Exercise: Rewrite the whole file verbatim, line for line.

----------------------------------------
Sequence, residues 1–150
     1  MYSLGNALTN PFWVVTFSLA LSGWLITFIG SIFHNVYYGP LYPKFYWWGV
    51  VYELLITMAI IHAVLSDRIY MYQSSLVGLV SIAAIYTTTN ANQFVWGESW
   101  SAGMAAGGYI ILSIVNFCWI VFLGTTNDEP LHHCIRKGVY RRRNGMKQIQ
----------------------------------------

Sequence, residues 1–150
     1  MYSLGNALTN PFWVVTFSLA LSGWLITFIG SIFHNVYYGP LYPKFYWWGV
    51  VYELLITMAI IHAVLSDRIY MYQSSLVGLV SIAAIYTTTN ANQFVWGESW
   101  SAGMAAGGYI ILSIVNFCWI VFLGTTNDEP LHHCIRKGVY RRRNGMKQIQ